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April 17, 2019

We Think We Know the 2 SUVs Volkswagen Philippines is Bringing In This Year

Ayala, it seems, likes to play guessing games. Earlier this year, it was all about guessing which three (well, now four) vehicles that Kia’s unboxing in 2019. Then, there’s the daily routine of figuring out the best time to flush the toilet and do the laundry (thanks Manila Water). And now, the game has extended to which two Volkswagen SUVs they’re bringing in.

During the Auto Shanghai, members of the motoring press kept on pressuring (pestering is more likely) Volkswagen Philippines President Felipe Estrella III to as to which SUVs they’re bringing in. In a surprising move, Mr. Estrella gave one hint:

“They both start with the Letter T.”

Combing through the Volkswagen China website, we get the following candidates:
  • Teramont / Teramont X
  • Tharu
  • T-Cross
  • Tayron
  • T-Roc
It’s worth pointing out that Volkswagen’s business case in China is rather complicated. The German automaker here has two joint-venture partners: Shanghai Automotive Industry Corporation (SAIC) and First Automobile Group (FAW).

Out of the five SUVs mentioned, three are made by SAIC while two are made by FAW. Given Ayala’s existing partnership is with SAIC Volkswagen, that pretty much eliminates the Tayron and T-Roc from contention. This leaves the Teramont (and its new 5-seater derivative, the Teramont X), the Tharu, and the T-Cross as the three main contenders.

True enough, when Mr. Estrella gamely posed for photos around the Volkswagen pavilion at the show, he did so only with a handful of vehicles: the I.D. Roomzz Concept, the Lamando, and then, the Teramont (not the Teramont X), the Tharu, and the T-Cross—perhaps a subtle way of indicating which SUVs have the strongest chance of getting a Philippine release.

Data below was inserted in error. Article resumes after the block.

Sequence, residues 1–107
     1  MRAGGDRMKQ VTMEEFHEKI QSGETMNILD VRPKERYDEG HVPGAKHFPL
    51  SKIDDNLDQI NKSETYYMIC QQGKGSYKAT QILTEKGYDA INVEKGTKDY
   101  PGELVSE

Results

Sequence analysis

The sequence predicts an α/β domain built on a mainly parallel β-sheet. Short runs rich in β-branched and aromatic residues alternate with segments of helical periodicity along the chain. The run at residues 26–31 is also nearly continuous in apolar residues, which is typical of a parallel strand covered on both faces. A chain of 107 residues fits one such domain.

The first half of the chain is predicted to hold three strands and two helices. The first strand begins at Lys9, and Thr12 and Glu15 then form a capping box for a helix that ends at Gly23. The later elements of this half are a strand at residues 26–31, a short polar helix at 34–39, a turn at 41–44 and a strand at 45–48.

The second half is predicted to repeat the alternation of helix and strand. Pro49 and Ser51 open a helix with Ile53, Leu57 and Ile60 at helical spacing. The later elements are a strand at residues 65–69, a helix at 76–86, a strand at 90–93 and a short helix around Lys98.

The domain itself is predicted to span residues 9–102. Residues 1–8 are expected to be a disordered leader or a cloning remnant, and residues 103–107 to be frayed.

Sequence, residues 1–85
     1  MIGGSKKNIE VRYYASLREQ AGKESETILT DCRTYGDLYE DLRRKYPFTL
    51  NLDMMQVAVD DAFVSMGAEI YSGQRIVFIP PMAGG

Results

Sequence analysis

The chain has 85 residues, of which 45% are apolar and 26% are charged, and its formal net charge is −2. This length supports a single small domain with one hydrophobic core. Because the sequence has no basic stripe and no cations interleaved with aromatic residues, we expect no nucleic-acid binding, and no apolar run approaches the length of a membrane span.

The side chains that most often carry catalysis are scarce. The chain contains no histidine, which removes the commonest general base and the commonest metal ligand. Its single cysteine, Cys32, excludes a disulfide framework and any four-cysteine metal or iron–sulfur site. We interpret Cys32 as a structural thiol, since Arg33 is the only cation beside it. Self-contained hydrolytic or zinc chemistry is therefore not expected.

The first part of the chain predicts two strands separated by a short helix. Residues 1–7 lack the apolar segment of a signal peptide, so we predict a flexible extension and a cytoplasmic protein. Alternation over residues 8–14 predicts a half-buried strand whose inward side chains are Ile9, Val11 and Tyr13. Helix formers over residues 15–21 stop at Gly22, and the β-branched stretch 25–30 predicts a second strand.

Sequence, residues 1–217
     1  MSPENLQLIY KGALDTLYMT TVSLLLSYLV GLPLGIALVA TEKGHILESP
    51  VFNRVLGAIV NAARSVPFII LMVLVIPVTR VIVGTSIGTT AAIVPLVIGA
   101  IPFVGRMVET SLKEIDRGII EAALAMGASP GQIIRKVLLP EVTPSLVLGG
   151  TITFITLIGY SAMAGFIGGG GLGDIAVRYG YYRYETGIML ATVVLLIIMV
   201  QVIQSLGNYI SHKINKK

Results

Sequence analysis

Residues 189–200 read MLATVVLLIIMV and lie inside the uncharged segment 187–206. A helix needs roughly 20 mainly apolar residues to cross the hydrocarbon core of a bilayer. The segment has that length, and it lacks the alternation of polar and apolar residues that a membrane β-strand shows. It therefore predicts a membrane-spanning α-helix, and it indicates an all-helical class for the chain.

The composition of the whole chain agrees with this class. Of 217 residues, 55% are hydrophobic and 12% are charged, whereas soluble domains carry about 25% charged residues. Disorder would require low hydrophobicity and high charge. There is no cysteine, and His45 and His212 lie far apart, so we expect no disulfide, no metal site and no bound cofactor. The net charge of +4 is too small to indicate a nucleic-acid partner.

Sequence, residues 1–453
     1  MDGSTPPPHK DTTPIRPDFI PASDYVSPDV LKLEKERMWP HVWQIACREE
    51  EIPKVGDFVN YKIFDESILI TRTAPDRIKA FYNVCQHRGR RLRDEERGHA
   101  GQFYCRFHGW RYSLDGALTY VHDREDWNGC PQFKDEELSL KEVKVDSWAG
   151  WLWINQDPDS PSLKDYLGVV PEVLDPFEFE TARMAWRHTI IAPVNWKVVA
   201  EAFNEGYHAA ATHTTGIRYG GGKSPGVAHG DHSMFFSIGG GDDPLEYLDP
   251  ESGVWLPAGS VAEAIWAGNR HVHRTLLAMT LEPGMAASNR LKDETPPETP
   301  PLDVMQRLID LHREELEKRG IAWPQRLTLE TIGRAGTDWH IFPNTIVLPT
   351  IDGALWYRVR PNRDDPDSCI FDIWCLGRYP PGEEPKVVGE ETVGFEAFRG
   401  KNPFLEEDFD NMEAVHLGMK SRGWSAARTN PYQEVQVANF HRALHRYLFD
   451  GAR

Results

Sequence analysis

As reiterated before, the Teramont is already a given (Volkswagen Philippines needs a 7-seater SUV), so that leaves the Tharu and the T-Cross.

Taking Volkswagen Philippines’s lineup as a whole, the Tharu is just too close in price, size, and positioning with the Tiguan. Certainly, Volkswagen may take a gamble and kill off the Tiguan nameplate for an entirely new one (just has they have done with the Polo/Santana and Jetta/Lavida), but given they can simply introduce the second-generation Tiguan (a model that’s also produced by SAIC-Volkswagen), they’ll most likely continue with the Tiguan rather than market a new nameplate.

This leaves the T-Cross as the most likely candidate for Volkswagen Philippines to bring into the country. Engineered specifically to be a global vehicle, including emerging markets, the T-Cross is basically what Volkswagen calls “the Polo in SUV form.” Yet, it’s managed to take on an entirely new aesthetic compared to the European version. It has an entirely different frontend and more body cladding, perfect for markets such as Asia that equate SUVs to looking rugged.

What’s even more interesting is that the T-Cross for China doesn’t have Europe’s 1.0-liter turbocharged 3-cylinder engine. In China, it gets a 1.5-liter MPI engine (or a turbocharged 1.4-liter 4-cylinder as well) which should make it even more affordable. It’s the same one found in the Santana GTS and for that, it makes 110 horsepower and 145 Nm of torque. The sole transmission is a 6-speed automatic also shared with the Santana GTS.

The best part? In China, the most affordable T-Cross starts at RMB 127,900 or around P 986,800. Given that the Santana GTS is sold at P 999,000 while the Lavida is at P 1,171,000, Volkswagen Philippines can easily slot the T-Cross in at around the million mark. This puts it in contention with the China-sourced Ford EcoSport which is priced between P 1,028,000 and P 1,098,000 for the non-turbo automatic transmission models.

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